In temperate hardwood forests of Southern Quebec, silvicultural treatments of higher intensities resulted in detrimental effects on soil properties, especially in the surface horizon, 20 years after disturbance. This legacy, in turn, affected the composition and diversity of understory plant communities. The more intense silvicultural treatments contributed to the persistence of pioneer species better adapted to a wider range of environmental conditions and resulted in a decrease in understory plant community heterogeneity among sites. Conversely, single-tree selection cutting appeared to be the most appropriate silvicultural treatment for maintaining soil functions and heterogeneity of understory plant communities after 20 years; composition and structure being similar to long-undisturbed forests.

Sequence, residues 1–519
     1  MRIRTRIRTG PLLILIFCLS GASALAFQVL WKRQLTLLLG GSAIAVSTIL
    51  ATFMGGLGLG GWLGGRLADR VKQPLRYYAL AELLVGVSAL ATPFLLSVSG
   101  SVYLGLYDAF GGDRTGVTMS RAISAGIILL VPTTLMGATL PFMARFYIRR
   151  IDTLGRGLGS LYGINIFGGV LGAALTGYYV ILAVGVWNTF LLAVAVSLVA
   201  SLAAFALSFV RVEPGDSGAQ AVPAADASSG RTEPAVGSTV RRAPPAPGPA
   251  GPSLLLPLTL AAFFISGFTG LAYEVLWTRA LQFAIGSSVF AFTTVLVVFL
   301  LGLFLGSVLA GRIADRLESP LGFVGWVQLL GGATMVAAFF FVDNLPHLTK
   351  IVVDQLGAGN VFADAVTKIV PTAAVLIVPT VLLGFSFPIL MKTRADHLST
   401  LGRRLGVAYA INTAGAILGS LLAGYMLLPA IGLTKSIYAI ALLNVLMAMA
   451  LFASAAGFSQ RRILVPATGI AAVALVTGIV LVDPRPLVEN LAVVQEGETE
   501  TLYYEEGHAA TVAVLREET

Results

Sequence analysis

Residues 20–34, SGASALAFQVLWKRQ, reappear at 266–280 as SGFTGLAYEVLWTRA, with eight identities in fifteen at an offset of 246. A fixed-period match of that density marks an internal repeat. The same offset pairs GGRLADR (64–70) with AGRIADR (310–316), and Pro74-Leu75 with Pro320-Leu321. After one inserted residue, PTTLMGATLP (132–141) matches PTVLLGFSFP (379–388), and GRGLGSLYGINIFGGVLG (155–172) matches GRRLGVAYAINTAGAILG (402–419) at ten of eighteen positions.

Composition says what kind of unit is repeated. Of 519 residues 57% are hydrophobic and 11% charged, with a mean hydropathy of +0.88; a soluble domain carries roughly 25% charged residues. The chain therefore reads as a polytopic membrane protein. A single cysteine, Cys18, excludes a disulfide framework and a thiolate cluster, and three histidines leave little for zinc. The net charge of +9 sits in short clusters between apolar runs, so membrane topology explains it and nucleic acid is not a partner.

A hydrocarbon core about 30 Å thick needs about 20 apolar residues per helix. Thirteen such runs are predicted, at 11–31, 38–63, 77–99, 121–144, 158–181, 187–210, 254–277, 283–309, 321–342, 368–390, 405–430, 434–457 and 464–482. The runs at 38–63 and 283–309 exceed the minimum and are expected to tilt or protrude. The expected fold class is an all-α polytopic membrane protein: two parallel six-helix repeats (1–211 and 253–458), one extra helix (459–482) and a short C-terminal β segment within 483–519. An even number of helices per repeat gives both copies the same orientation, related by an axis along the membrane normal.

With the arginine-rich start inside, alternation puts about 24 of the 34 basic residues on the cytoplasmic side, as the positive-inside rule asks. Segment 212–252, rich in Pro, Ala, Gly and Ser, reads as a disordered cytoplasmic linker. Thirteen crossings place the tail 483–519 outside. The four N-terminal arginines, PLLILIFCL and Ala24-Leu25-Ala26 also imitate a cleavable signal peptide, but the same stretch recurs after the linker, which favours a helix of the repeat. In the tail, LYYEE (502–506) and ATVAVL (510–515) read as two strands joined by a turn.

Beta diversity; Biotic homogenization; Forest succession; Scarification; Soil physico-chemical properties
Jaeger, R., Delagrange, S., Aubin, I. et al. Increasing the intensity of regeneration treatments decreased beta diversity of temperate hardwood forest understory 20 years after disturbance. Annals of Forest Science 79, 39 (2022). https://doi.org/10.1186/s13595-022-01152-w
Data and/or Code availability
Data are available on a data repository at https://doi.org/10.5281/zenodo.6467819